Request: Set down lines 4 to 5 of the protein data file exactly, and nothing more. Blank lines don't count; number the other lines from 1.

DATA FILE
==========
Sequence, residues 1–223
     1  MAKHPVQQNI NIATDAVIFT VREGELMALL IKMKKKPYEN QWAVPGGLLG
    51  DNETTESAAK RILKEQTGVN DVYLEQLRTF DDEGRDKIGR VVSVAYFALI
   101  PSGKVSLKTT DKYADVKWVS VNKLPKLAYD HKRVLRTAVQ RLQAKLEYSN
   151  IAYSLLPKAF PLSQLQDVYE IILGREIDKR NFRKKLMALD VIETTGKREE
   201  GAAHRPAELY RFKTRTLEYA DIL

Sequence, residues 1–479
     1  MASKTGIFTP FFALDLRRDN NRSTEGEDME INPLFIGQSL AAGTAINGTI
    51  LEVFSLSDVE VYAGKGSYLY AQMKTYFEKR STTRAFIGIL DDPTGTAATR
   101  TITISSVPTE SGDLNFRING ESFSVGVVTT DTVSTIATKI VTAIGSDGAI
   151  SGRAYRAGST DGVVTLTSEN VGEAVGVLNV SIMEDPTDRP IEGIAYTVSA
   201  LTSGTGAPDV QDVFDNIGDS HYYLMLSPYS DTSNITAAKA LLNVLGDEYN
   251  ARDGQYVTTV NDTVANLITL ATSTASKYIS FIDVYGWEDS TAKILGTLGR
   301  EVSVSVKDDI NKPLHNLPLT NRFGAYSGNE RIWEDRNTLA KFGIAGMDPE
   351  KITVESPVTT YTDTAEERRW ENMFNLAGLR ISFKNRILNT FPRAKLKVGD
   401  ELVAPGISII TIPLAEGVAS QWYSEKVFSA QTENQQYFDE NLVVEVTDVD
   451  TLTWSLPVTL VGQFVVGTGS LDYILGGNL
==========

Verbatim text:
   101  PSGKVSLKTT DKYADVKWVS VNKLPKLAYD HKRVLRTAVQ RLQAKLEYSN
   151  IAYSLLPKAF PLSQLQDVYE IILGREIDKR NFRKKLMALD VIETTGKREE